SKIMS AWARENESS CAMPAIGN
WE CANNOT AFFORD TO FALTER IN PLANNING, IF WE ARE TO SAVE PRECIOUS LIVES
HEALTHWISE BY DR. JAVID IQBAL
In the valley, the tertiary care center - SKIMS - is leading the awareness campaign. In recent days from Kashmir’s premier physician---Prof (Dr) Allaqaband down to the noted diebetologist— Prof (Dr) Hamid Zargar, and the present director of SKIMS - Prof (Dr) Showkat Zargar I have heard it repeatedly that in Kashmir, the increasing cases of diabetes are assuming epidemic proportions. That might be a way of making it emphatic, as an epidemic has a different corollary in the field of medicine, as well as a unique definition, and a different dimension too. However under-estimating the effect would be detrimental in planning the ways and means to overcome the demoralizing, deadly disorder; it might be perfectly in order to err on the positive side rather than be caught napping by getting into denial mood.
On a psychological pattern, at an individual level, denial in the face of a serious malady is a known phenomenon; however, effort should be not to make it a mass effect in future health planning. We cannot afford to falter in planning, if we are to save precious lives. Indicators are already there in plenty that we are in the danger zone, a scenario, where alarm bells must ring. The hypo-nutritive (low nutrition) state of bygone years might soon be a distant memory in our part of the world though protein mal-nutrition (low protein nutrition) with pot bellies and sunken eyes does hit our TV screens in African/Latin-American news dispatches, off and on.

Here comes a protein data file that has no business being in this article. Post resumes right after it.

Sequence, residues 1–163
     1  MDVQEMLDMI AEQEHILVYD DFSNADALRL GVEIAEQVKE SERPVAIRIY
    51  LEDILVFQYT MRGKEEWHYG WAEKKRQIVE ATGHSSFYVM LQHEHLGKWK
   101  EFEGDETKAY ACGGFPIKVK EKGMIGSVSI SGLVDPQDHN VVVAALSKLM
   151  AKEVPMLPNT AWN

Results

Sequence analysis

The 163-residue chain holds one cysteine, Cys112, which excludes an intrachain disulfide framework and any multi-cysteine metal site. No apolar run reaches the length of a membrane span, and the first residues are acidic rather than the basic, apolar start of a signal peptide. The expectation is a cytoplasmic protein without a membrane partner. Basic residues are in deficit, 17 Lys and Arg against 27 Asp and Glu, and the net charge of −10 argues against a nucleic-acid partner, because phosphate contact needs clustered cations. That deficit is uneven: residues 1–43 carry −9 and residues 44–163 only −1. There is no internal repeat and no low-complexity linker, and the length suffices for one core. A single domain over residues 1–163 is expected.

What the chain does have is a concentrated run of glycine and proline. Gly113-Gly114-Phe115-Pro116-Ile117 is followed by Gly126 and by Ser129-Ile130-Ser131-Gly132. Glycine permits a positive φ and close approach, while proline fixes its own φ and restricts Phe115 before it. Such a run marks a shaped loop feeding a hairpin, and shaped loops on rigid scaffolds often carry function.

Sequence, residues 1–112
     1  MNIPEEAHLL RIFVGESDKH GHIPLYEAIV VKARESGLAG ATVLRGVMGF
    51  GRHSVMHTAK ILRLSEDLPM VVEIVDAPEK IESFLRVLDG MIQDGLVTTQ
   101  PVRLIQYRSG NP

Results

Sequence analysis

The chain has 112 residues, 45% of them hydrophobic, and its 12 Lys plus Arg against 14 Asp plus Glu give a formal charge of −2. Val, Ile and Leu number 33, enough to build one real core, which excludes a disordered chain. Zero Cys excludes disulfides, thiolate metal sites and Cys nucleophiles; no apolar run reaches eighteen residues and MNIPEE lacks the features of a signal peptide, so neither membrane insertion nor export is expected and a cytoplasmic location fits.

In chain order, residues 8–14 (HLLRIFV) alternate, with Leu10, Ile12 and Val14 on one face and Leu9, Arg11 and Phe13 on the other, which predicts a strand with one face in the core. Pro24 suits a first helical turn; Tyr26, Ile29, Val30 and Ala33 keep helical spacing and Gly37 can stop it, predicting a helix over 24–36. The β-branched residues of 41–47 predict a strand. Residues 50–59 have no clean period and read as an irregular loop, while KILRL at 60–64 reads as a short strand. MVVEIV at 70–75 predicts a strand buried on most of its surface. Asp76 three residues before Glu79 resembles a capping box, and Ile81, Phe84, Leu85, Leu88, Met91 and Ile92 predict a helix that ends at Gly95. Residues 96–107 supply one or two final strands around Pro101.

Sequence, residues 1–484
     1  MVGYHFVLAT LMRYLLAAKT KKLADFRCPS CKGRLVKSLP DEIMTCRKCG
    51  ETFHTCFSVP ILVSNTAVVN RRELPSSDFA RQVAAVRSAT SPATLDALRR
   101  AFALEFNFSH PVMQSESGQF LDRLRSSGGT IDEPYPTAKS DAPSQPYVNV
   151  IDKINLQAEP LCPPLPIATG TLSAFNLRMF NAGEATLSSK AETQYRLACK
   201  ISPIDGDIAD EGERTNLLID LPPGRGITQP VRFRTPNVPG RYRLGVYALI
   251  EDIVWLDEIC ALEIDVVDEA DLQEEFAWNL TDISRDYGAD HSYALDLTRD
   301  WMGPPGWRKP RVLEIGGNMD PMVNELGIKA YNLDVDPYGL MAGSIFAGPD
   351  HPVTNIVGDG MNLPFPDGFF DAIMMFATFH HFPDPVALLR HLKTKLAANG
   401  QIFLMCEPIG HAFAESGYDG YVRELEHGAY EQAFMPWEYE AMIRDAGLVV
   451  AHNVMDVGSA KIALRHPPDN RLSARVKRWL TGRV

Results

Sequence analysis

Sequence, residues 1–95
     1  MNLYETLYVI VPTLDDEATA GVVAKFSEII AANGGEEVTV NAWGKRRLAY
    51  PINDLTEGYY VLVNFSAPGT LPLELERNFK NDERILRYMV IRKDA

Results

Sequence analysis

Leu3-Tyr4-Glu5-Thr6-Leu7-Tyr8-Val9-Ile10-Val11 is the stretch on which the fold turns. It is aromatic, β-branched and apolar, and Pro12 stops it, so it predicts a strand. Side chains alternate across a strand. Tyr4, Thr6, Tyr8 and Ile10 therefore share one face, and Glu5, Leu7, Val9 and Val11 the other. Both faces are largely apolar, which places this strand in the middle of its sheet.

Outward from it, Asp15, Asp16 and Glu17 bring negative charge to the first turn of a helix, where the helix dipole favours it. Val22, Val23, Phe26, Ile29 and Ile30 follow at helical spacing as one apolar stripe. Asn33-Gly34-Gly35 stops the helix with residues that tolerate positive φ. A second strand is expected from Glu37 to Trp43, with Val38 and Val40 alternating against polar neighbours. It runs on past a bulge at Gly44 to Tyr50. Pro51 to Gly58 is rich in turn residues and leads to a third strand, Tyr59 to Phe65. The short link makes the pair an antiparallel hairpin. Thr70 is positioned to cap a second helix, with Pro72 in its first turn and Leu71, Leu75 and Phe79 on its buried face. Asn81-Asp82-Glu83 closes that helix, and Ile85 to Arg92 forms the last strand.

We are reminded of Europe during war years (1939-1945) when food was rationed. It might not have made an Africa of Europe; in fact it did Europe well in some aspects. Rationing meant low incidence of diabetes, it is a part of medical lore. However, by mid-fifties as Marshall Plan (named after American Secretary of State who planned European recovery) started taking effect with European developmental re-construction, the diabetic graph showed an upswing. Development, like it or not, does have a side effect. Hyper-nutritive (nutrition more than what is required) state coupled with complacent effect of taking it easy and getting into the groove of low physical effort is harmful. The price to be paid is ominous---higher incidence of diabetes, of cardio-vascular disorders, of blood thickening, of clots, of diseased blood vessels, of sudden deaths.